Friday, November 5, 2010

Reviewing human rights in the United States

For the first time ever, the human rights record of the United States has been reviewed by the United Nations' Human Rights Council. This took place as part of the new "Universal Periodic Review" instituted by the UN General Assembly in 2006, which reviews all UN member states once every 4 years.

As the Washington Post reports, the delegations of several other states camped out overnight to be first in line to criticize U.S. policies. Among these were representatives of Cuba, Iran, and North Korea. The hearing today was based on a report submitted by the Obama administration back in August.

As one might expect, a good deal of the criticism focused on detention policies and torture allegations in Abu Ghraib and Guantanamo Bay. As one might expect, too, much of the criticism was also rather self-serving and disingenuous. As Germany's envoy, Konrad Scharinger archly noted (quoted in the Washington Post article): "We have noted with interest that some of states which are on the first places of today's speakers list had spared no effort to be the first to speak on the U.S. We would hope that those states will show the same level of commitment when it comes to improving their human rights record at home."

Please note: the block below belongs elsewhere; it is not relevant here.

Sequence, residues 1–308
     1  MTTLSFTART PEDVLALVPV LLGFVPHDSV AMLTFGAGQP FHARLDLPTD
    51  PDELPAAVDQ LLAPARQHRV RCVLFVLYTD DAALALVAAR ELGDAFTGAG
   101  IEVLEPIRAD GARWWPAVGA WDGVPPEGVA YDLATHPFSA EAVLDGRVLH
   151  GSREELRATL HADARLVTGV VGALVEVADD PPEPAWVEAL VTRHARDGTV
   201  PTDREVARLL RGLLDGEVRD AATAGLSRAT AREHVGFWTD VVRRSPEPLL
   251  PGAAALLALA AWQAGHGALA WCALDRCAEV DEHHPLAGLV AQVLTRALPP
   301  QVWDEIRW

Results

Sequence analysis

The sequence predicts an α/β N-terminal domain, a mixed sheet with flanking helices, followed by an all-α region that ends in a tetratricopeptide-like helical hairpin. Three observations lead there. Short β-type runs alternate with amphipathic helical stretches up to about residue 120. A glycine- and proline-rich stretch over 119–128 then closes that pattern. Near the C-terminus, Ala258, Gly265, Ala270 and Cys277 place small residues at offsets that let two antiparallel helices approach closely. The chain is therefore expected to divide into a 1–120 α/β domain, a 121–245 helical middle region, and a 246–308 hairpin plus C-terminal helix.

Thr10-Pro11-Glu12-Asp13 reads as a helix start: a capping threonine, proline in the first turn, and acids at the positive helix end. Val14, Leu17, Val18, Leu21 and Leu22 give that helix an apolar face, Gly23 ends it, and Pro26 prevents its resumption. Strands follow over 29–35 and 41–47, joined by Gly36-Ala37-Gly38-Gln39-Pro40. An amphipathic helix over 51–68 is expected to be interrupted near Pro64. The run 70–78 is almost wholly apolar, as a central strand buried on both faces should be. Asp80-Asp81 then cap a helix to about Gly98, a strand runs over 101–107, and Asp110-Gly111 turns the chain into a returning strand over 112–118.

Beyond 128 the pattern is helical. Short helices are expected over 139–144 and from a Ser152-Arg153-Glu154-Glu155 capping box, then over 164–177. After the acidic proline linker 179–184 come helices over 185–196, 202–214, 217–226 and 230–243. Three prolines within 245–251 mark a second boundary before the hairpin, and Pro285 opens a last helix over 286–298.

Inevitable politicking aside, the UN's universal review is a valuable initiative, in that it forces all states, including Cuba, Iran, and North Korea, to give an official account of their policies. And however much they will deny, dissemble, and distort their own policies, they will nevertheless produce a public document to which they can be held accountable. As Daniel Thomas shows in the wonderful The Helsinki Effect, such small beginnings may pay unexpectedly large dividends down the line for oppressed groups in such countries.

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